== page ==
WINE O’CLOCK: Red or white? Or how about a glass of yellow?
In eastern France, up near the border with Switzerland, they have been celebrating La Percée du Vin Jaune, the Opening of the Yellow Wine.
The festival is usually held in February; the exact date varies to coincide with the release of the new vintage of this region’s unusual wine.
I was inroduced to it down in the south of France, a long way from its home, by the ower of a beutiful cheese shop. She was enthusing about the Comté cheese which also comes from that eastern region, a place of rollng hills and rich pastures.
Vin Jaune, she assured me, was the only authentic accompaniement. I don’t know about that – but it was certainly an excellent match for this range of smooth, nutty cheeses, made from raw milk and aged in stone cellars.
The wine is similar to dry fino Sherry and gets its character from being matured in a barrel under a film of yeast.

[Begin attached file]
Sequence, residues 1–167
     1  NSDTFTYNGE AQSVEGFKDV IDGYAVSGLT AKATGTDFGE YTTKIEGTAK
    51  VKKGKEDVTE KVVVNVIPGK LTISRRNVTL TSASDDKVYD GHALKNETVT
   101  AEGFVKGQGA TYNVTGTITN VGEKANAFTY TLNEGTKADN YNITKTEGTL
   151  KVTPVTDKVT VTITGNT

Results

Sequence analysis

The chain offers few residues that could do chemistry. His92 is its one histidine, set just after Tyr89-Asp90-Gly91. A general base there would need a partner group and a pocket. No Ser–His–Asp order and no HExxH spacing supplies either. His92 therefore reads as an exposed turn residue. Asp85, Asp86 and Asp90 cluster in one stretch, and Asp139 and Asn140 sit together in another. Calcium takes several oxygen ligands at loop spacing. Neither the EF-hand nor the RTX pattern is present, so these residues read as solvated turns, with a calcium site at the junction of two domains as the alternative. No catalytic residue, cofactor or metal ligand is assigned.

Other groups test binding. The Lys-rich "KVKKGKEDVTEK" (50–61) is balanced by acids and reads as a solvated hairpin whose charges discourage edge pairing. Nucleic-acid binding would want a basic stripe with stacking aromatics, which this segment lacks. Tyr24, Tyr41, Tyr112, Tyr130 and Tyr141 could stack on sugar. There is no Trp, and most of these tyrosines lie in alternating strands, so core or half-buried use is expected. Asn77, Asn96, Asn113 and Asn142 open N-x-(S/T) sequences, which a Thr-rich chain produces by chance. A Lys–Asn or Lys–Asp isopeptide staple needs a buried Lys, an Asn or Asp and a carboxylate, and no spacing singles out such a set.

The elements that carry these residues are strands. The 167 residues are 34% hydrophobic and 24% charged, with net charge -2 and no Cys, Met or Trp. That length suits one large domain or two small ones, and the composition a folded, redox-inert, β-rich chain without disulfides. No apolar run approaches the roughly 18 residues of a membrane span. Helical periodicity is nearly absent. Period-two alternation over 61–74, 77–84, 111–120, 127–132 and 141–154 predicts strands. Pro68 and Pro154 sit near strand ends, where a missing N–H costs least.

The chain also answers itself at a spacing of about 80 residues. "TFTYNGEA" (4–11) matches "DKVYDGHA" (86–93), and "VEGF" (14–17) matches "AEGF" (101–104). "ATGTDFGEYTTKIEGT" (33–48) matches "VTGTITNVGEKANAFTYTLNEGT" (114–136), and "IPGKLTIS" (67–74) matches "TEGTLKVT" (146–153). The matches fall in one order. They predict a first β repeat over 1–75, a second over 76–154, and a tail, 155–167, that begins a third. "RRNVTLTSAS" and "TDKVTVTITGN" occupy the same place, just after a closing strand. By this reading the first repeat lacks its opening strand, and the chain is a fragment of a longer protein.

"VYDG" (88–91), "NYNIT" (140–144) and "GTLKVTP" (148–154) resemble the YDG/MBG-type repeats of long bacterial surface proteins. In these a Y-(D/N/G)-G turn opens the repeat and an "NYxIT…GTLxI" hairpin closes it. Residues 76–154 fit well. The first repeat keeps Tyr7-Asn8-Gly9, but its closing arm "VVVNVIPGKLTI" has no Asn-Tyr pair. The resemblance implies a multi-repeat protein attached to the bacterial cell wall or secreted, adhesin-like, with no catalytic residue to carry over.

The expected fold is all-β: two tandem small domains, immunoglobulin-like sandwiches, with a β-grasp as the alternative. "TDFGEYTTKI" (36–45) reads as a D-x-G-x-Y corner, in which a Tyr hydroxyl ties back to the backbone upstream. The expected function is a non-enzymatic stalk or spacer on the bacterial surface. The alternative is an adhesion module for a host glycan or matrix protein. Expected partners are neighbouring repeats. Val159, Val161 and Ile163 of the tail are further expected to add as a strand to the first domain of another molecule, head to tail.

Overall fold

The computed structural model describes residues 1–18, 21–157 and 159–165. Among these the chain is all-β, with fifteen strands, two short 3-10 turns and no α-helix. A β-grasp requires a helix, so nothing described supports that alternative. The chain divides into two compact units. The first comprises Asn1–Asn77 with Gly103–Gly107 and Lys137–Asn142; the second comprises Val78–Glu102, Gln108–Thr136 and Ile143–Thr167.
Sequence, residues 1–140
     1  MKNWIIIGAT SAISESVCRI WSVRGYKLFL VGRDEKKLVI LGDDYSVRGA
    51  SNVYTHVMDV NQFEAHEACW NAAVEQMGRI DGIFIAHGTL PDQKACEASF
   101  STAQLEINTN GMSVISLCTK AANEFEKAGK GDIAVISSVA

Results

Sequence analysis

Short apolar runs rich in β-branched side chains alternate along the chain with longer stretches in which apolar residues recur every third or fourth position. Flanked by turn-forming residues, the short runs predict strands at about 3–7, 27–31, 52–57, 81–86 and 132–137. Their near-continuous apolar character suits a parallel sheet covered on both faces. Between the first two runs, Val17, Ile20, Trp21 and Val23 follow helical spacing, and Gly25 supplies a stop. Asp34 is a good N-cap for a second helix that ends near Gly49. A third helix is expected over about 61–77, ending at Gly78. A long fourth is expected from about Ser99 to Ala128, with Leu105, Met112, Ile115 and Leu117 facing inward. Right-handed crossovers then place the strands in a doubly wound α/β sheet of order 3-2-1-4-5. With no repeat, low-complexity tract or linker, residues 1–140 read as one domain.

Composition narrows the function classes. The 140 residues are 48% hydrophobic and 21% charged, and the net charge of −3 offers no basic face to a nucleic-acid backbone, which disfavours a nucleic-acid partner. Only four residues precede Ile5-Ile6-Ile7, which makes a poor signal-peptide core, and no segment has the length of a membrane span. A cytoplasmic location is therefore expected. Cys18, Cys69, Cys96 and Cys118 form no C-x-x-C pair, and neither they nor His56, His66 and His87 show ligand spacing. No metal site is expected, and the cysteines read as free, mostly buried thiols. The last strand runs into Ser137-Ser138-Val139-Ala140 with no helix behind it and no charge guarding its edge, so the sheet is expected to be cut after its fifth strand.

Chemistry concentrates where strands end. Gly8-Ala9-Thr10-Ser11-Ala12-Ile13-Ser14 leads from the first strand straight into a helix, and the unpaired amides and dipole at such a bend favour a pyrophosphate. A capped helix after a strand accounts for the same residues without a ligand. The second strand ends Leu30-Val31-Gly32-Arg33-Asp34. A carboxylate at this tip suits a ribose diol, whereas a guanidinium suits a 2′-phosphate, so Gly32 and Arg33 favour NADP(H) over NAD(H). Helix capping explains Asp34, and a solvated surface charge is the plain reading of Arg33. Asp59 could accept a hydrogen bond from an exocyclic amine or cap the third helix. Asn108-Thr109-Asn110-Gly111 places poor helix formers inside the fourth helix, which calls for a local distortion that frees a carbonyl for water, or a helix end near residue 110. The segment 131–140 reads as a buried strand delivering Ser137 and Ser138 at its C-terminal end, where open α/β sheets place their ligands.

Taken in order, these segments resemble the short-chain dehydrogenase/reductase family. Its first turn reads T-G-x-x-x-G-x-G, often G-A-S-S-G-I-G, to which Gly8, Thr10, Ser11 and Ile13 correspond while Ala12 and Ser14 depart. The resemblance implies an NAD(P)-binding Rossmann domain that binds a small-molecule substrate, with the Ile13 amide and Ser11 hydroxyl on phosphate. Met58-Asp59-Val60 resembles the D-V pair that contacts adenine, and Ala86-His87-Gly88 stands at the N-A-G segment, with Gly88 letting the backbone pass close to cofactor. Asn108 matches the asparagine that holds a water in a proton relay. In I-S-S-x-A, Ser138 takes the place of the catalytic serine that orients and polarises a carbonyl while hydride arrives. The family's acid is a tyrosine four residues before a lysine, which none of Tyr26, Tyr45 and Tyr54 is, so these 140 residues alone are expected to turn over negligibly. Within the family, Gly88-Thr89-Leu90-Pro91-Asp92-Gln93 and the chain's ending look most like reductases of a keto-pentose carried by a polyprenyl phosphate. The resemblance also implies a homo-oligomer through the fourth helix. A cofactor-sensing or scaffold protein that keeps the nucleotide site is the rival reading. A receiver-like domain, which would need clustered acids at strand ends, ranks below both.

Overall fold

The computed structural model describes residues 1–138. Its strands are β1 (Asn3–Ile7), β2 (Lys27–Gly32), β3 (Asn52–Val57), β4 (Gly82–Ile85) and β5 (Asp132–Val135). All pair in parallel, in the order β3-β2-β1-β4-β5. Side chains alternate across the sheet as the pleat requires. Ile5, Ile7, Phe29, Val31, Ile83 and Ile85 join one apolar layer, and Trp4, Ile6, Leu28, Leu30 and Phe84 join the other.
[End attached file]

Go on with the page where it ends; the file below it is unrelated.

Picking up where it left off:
It is made from the Savagnin grape (not to be confused with Sauvignon) and comes in red, whie and rosé varieties, but mostly white. Unlike Sherry, Vin Jaune is not a fortified wine, so the alcohol content is relatively low, around 13%.
The grapes are picked when they are very ripe, fermented, and then aged in old Burgundy barrels for at least six years. Some of the wine evaporates, and rather than top up the barrels to prevent oxidation, the wine is left undisturbed so that the yeast film forms.
Vin Jaune has (like the Comté) a rich nutty flavour that would go well with any semi-firm cheese. If you can’t get a Comté, substitute a Gruyère.
Château-Chalon AOC is the name you are mostly likely to see on a bottle of Vin Jaune. You are not likely to spot the unusual, squat bottle on your supermerket shelf but your wine dealer may be able to help.
If you can’t find it, don’t let the cheese go to waste. Substitute an Amontillado sherry from Spain or an oaked Chardonnay.